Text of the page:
Soon we’ll be able to monitor the response of millions of households to electricity price in real time, and disaggregate household electricity into its component parts with unparalleled accuracy. That will allow much more precise assessments of efficiency potentials and will give businesses the opportunity to target the biggest electricity users with energy saving innovations.
Enabling More Rapid Institutional Change
When companies first started buying computers on a large scale, economists were puzzled by the apparent lack of effect on productivity, eventually becoming known as “the productivity paradox”. This delay actually had historical precedent.
With electric motors, for example, the real benefits of that technology didn’t arrive until production processes were modified to take full advantage of the new technology’s benefits, and the same was true for computers. Once companies reorganized themselves to capture those benefits, productivity improvements started on an upward march that continues today.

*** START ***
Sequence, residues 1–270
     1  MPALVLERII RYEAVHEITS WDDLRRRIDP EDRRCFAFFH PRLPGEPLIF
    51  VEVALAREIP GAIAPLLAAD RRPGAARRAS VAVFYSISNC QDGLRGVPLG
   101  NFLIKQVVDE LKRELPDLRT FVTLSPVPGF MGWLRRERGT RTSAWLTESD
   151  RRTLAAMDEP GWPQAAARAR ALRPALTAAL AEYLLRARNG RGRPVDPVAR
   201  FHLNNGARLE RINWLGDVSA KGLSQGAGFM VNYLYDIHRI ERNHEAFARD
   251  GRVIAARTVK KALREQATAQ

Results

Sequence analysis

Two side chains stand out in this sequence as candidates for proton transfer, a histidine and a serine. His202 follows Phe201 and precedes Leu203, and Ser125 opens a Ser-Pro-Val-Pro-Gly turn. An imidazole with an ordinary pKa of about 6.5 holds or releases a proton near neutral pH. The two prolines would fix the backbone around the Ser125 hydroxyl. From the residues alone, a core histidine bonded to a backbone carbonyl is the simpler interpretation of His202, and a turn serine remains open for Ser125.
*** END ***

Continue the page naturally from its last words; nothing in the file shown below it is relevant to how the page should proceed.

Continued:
But it’s not just that ICT requires companies to reorganize themselves to take full advantage of its benefits, it also makes the reorganization easier by improving communication, coordination, process controls, and creating the conditions under which complementary cost-reducing innovations can more rapidly be brought to market.
It is in this deep sense that ICT is a transformational technology.
As I’ll discuss more in the next post, institutional innovation is one of the beneficiaries of that transformational power, and it’s one of the areas where entrepreneurs can generate the most rapid and pervasive changes in the emissions intensity of the economy.
Next: It's not just about manufactured products.
Envisioning the Future We Want to Create
Addressing the Underlying Drivers of Emissions Growth
The Scope of the Problem
So You Want to Solve the Climate Problem...
Cold Cash, Cool Climate: Some Fundamentals
Cold Cash, Cool Climate: Science-Based Advice for Ecological Entrepreneurs